HC Deb 16 August 1945 vol 413 cc133-80

6.20 p.m.

The Lord President of the Council (Mr. Herbert Morrison)

I beg to move, That during the present Session: (1) Government business shall have precedence at every sitting; (2) The following provisions shall have effect as respects public Bills:

  1. (a) no Bills other than Government Bills shall be introduced;
  2. (b) whenever the House is adjourned for more than one day, notices of amendments, new clauses or new schedules (whether they are to be moved in Committee or on Report) received by the Clerks at the Table at any time not later than 4.30 p.m. on the last day of adjournment may be accepted by them as if the Mouse was sitting;
  3. (c) notices of amendments, new clauses or new schedules to be moved in Committee may be accepted by the Clerks at the Table before a Bill has been read a second time;
  4. (d) a new clause may be moved on Report without notice, notwithstanding anything in Standing Order No. 37;
(3) Whenever the House is adjourned for more than one day, notices of questions received by the Clerks at the Table at any time not later than 4.30 p.m. on the last day of adjournment may be accepted—
  1. (a) if received before 4.30 p.m. on the penultimate day of adjournment, as if they had been given on that day at a time when the House was sitting, and
  2. (b) if received thereafter, as if they had been given on the last day of adjournment at a time when the House was sitting;
(4) For the purposes of this under the expression "day of adjournment" means a day on which the House is not fitting, not being a Saturday or Sunday; (5) Paragraph (2) of Standing Order No. 1 shall have effect as if all the words after "clock" were omitted and the following words were substituted therefore— or, if proceedings exempted as hereinafter provided from the operation of this Order are under discussion at or alter the hour appointed under paragraph (3) of this Order for the interruption of business, half-an-hour after the conclusion of such proceedings, Mr. Speaker shall, adjourn the House without question put. (6) The following paragraphs shall have effect in substitution for paragraphs (8) and (9) of Standing Order No. 1: (8) A motion may be made by a Minister of the Crown, either with or without notice and either at the commencement of public business or at any time thereafter, to be decided without amendment or debate, to the effect either—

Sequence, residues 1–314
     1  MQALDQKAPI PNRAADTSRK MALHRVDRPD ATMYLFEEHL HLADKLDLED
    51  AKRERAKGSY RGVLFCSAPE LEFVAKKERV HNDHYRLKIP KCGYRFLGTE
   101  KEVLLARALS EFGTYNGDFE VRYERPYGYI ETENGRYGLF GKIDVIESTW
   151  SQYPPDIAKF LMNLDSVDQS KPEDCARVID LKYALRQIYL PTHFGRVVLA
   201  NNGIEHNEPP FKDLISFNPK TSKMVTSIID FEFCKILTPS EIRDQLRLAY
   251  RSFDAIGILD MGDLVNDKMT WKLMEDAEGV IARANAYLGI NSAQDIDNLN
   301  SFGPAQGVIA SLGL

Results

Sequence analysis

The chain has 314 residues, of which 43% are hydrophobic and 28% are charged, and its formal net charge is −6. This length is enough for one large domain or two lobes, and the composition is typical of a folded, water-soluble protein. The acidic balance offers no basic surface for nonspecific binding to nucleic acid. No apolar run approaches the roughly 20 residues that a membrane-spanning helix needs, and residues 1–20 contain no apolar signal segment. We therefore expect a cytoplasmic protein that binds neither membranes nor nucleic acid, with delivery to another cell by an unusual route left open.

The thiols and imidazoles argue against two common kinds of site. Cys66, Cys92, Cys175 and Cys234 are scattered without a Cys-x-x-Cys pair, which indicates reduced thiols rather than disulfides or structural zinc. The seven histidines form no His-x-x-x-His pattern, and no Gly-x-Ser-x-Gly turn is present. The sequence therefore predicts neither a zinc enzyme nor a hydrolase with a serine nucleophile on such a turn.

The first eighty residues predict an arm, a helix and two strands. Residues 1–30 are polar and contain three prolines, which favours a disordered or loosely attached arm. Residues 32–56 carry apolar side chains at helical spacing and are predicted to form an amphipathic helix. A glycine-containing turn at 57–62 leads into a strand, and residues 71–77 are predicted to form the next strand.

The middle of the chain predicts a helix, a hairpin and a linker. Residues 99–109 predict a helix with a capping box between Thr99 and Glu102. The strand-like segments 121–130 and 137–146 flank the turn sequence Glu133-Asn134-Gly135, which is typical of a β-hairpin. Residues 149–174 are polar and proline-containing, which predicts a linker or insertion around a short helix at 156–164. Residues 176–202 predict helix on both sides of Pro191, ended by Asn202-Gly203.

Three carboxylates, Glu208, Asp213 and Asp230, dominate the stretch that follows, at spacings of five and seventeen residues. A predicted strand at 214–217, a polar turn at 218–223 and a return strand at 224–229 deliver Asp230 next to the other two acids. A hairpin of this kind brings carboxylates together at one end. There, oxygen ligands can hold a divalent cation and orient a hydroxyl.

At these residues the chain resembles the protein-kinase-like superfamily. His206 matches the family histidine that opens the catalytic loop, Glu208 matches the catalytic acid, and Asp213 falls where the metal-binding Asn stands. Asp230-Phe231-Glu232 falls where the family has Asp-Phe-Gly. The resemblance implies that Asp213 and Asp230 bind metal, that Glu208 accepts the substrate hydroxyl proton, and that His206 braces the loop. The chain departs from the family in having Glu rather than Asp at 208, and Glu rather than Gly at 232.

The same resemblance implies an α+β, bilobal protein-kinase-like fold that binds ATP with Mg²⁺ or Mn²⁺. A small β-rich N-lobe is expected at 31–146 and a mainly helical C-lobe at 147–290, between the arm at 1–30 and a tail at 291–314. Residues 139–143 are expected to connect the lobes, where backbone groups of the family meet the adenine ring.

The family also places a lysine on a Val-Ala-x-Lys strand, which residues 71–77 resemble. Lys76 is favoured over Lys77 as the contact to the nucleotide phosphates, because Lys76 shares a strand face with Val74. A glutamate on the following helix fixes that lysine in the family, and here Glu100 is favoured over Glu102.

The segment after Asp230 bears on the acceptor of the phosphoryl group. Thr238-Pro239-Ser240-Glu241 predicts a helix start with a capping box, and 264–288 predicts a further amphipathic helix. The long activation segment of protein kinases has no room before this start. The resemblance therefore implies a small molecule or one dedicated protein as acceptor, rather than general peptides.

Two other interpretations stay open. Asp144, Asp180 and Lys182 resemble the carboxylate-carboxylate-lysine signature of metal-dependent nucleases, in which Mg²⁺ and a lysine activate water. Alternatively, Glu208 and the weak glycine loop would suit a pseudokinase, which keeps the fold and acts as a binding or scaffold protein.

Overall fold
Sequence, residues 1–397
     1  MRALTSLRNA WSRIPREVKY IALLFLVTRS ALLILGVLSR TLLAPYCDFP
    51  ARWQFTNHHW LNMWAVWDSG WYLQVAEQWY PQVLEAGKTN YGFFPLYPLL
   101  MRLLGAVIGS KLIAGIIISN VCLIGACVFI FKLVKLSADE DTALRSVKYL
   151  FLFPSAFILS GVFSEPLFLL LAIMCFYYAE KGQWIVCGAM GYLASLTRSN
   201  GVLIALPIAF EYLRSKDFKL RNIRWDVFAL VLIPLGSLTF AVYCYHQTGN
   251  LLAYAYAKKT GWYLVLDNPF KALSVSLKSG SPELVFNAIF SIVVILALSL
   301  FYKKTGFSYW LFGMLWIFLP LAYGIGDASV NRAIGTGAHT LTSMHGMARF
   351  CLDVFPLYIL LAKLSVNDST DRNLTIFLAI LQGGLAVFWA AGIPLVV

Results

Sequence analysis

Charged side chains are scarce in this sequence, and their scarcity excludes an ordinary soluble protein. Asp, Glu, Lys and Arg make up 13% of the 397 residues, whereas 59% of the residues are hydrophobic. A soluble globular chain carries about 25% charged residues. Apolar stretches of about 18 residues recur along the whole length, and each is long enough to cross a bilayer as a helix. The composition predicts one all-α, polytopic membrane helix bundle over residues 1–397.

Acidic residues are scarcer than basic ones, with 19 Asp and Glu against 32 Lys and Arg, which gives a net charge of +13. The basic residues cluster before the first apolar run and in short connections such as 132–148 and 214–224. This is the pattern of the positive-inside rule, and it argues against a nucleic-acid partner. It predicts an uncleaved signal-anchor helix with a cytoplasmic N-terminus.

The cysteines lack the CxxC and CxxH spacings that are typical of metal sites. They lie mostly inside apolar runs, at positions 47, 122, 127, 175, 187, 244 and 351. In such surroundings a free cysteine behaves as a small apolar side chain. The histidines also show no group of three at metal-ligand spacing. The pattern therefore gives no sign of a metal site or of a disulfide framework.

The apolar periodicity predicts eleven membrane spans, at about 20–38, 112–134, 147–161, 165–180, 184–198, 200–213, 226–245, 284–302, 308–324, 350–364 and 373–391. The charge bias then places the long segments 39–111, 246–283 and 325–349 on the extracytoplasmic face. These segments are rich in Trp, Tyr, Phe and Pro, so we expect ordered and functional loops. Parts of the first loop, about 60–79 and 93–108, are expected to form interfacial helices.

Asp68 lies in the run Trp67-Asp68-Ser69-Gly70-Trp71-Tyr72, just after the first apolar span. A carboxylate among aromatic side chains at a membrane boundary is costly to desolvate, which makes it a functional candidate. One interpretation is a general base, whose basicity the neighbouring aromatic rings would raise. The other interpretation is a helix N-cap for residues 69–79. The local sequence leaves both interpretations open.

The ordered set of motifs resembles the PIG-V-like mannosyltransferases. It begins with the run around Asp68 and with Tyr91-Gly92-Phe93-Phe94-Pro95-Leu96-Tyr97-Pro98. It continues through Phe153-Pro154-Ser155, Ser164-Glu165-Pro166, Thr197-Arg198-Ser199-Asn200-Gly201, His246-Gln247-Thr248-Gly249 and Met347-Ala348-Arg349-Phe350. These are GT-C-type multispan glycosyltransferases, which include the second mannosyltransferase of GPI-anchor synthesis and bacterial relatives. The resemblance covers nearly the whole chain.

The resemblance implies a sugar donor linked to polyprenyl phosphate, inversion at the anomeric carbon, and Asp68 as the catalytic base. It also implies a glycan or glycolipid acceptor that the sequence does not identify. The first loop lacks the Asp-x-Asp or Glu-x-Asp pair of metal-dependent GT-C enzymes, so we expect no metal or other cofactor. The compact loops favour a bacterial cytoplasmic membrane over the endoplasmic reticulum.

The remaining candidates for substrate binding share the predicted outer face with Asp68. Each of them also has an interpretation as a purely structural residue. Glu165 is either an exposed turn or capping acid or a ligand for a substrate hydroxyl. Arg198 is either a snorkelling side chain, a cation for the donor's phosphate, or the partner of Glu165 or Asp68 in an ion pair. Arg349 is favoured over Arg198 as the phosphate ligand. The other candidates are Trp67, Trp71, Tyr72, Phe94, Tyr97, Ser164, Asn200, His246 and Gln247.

1. (a) That the proceedings on any specified business be exempted at this lay's fitting from the provision of the Standing Order 'Sittings of the House'; or
  2. (b) That the proceedings on any specified business be exempted at this day's sitting from the provisions of the Standing Order 'Sittings of the House' for a specified period after the hour appointed for the interruption of business.
(9) If a motion made under the preceding paragraph be agreed to, the business so specified shall not be interrupted if it is under discussion at the hour appointed for the interruption of business, may be entered upon at any hour although opposed, and, if under discussion when the business is postponed under the provisions of any Standing Order, may be resumed and proceeded with, though opposed, after the interruption of business. Provided that business exempted for a specified period shall not be entered upon, or be resumed after the expiration of that period, and, if not concluded earlier, shall be interrupted at the end of that period, and the relevant provisions of paragraphs (3) and (4) of this Standing Order shall then apply. (10) Provided always that not more than one motion under paragraph (8) may be made at any one sitting, and that, after any business exempted from the operation of the order is disposed of, the remaining business of the sitting shall be dealt with according to the provisions applicable to business taken after the hour appointed for the interruption of business. The House will remember that my right hon. Friend the Prime Minister has already informed hon. Members that it would be necessary for the Government to ask Private Members to forgo their rights to both Bills and Motions on the days, now, I am afraid some years ago, which were provided for under the Standing Orders of the House. It falls to me as Leader of the House to propose this Motion and to try and persuade hon. Members to give up their time to the Government because of the very heavy legislative programme which is outlined in the Gracious Speech which the House has been discussing. It is, of course, the case that all Governments from time to time, sometimes in war and sometimes in peace, have had to ask the House to agree to the Government taking all the time and to set aside the rights of Private Members in that respect. All Governments have done so, whether Conservative, Liberal, Labour or Coalition, at some time or another, and the reasons have varied. During the war years, when all our energies were engaged upon matters occupied with the successful prosecution of the war, we were working under exceptional circumstances, and throughout the war Private Members were asked to give up their time. That was a sacrific which hon. Members made, if not altogether cheerfully, without, I think it can be said, serious complaint.